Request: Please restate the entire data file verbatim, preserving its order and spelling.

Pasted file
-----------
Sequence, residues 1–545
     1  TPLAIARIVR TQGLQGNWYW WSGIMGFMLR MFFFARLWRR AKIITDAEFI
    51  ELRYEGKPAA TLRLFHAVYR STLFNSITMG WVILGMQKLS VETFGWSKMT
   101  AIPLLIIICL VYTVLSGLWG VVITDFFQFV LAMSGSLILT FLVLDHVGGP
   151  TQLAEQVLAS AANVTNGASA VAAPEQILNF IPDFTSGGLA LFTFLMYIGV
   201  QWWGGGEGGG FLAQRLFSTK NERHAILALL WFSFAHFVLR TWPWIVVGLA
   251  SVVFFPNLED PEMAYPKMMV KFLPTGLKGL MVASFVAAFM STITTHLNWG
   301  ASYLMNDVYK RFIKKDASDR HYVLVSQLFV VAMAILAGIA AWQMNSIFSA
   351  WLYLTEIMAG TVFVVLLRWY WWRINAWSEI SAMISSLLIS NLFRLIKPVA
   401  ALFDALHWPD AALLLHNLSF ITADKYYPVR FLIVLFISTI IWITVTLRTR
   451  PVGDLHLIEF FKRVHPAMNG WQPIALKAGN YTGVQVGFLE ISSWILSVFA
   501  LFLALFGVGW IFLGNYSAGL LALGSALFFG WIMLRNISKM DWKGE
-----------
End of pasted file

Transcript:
Sequence, residues 1–545
     1  TPLAIARIVR TQGLQGNWYW WSGIMGFMLR MFFFARLWRR AKIITDAEFI
    51  ELRYEGKPAA TLRLFHAVYR STLFNSITMG WVILGMQKLS VETFGWSKMT
   101  AIPLLIIICL VYTVLSGLWG VVITDFFQFV LAMSGSLILT FLVLDHVGGP
   151  TQLAEQVLAS AANVTNGASA VAAPEQILNF IPDFTSGGLA LFTFLMYIGV
   201  QWWGGGEGGG FLAQRLFSTK NERHAILALL WFSFAHFVLR TWPWIVVGLA
   251  SVVFFPNLED PEMAYPKMMV KFLPTGLKGL MVASFVAAFM STITTHLNWG
   301  ASYLMNDVYK RFIKKDASDR HYVLVSQLFV VAMAILAGIA AWQMNSIFSA
   351  WLYLTEIMAG TVFVVLLRWY WWRINAWSEI SAMISSLLIS NLFRLIKPVA
   401  ALFDALHWPD AALLLHNLSF ITADKYYPVR FLIVLFISTI IWITVTLRTR
   451  PVGDLHLIEF FKRVHPAMNG WQPIALKAGN YTGVQVGFLE ISSWILSVFA
   501  LFLALFGVGW IFLGNYSAGL LALGSALFFG WIMLRNISKM DWKGE